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Tasks before the Navy chief

Extraordinary times call for extraordinary measures: supersession is rare in the Indian military hierarchy, and experience in heading an operational command is normally a prerequisite for becoming the Chief of the Naval Staff. The Indian Navy’s new chief, Admiral R.K. Dhowan, who was slated to retire on May 31 on turning 60, has neither headed an operational command — as was the case with a couple of others before him — nor is he the seniormost officer. But the Defence Ministry recommended the name,
and the Prime Minister approved the choice. The Indian Navy, navigating the most turbulent course since its inception, finally has a helmsman, 50 days after the resignation of a competent Chief of the Naval Staff, D.K. Joshi. Admiral Joshi had 15 months of service left, but in the wake of a series of accidents, including one involving the submarine INS Sindhuratna in which two naval officers lost their lives and several others were injured, he tendered his resignation. In fact, most of the recently reported accidents in the Indian Navy happened at its largest hub, the Western Naval Command. Naturally, the chief of the Western Naval Command, Vice-Admiral Shekhar Sinha, who is senior to Admiral Dhowan, was overlooked.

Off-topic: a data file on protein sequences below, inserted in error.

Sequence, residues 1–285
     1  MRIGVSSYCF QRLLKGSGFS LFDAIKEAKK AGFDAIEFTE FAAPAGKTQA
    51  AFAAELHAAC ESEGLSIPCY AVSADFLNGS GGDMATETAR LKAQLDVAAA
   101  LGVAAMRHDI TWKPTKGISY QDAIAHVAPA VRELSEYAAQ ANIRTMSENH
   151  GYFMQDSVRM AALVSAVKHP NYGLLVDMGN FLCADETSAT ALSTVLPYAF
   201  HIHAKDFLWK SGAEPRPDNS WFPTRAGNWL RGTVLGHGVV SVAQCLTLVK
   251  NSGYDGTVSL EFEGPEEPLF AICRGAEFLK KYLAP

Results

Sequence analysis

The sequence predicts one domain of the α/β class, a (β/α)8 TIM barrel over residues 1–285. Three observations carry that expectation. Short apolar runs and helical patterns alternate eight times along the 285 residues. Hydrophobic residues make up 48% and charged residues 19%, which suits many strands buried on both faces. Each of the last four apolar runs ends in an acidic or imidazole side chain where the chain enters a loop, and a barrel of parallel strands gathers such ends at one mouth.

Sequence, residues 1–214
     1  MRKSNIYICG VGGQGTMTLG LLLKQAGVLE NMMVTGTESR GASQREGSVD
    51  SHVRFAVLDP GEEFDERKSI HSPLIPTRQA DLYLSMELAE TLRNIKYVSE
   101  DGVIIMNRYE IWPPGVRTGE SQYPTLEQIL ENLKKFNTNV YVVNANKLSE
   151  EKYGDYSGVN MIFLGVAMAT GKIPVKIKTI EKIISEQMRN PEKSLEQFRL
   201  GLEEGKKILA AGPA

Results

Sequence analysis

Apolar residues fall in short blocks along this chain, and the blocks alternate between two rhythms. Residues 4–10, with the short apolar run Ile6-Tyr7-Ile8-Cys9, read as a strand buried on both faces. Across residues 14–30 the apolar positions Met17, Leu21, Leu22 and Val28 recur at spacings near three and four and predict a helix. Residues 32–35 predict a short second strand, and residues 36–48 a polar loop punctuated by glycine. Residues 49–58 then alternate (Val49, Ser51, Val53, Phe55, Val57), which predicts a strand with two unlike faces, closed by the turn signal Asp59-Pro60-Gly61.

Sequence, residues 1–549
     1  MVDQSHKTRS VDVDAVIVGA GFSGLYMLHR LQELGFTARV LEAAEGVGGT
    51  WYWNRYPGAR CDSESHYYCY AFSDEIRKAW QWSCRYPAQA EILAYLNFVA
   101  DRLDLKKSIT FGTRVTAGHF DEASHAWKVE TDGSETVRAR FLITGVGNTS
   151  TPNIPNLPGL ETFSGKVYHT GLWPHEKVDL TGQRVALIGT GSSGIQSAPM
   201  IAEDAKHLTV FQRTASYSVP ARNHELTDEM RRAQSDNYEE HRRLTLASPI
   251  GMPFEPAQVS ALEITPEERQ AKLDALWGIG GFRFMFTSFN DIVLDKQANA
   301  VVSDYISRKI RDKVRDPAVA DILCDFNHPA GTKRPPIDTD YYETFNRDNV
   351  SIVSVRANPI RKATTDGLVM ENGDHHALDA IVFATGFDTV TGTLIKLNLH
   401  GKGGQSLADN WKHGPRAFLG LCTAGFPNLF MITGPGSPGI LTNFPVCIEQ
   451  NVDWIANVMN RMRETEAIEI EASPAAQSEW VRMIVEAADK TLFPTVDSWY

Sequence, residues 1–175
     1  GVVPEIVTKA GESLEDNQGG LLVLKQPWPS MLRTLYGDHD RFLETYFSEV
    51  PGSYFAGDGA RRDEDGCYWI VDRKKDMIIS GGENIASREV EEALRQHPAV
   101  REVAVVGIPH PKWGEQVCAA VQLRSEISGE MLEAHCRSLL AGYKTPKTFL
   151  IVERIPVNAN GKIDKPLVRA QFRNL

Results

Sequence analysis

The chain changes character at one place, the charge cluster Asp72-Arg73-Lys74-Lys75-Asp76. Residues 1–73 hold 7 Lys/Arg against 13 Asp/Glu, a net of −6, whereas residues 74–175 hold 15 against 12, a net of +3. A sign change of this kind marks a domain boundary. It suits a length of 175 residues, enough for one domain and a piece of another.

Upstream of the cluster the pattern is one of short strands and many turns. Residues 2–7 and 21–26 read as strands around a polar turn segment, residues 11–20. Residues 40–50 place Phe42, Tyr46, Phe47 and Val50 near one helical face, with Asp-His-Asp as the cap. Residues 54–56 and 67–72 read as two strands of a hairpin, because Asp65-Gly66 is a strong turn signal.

Admiral Dhowan will have a 25-month tenure as chief, with an opportunity to shore up sagging levels of morale, put in place contracts to replace ageing equipment, and chart a course-correction. He has addressed one issue that has plagued the service by saying that his force would strictly follow standard operating procedures without resorting to any shortcuts. “It will be my endeavour to pull on the holes together while keeping a hand on the tiller to ensure that we run an efficient, a taut and a happy Indian Navy,” he said, after being named. It is a fact that the Navy’s submarine fleet is aged — only one of its existing 13 diesel-electric conventional submarines is new; the rest have been in service for 20 years or more. Delays in production and acquisition, and the Defence Ministry taking inordinately long to clear proposals, has reduced the fleet strength. There are huge operational gaps when it comes to submarines, helicopters and minesweepers. The Navy’s future will depend on the acquisition of state-of-the-art equipment and spares with minimal delay. Admiral Dhowan will have to pursue procurement issues with the Ministry with the same vigour and enthusiasm that Admiral Joshi had pursued them, and use all the resources at his command to push new acquisition projects with the new government. He has a well-defined task at hand. His tenure will shape the course in which the Indian Navy will sail.


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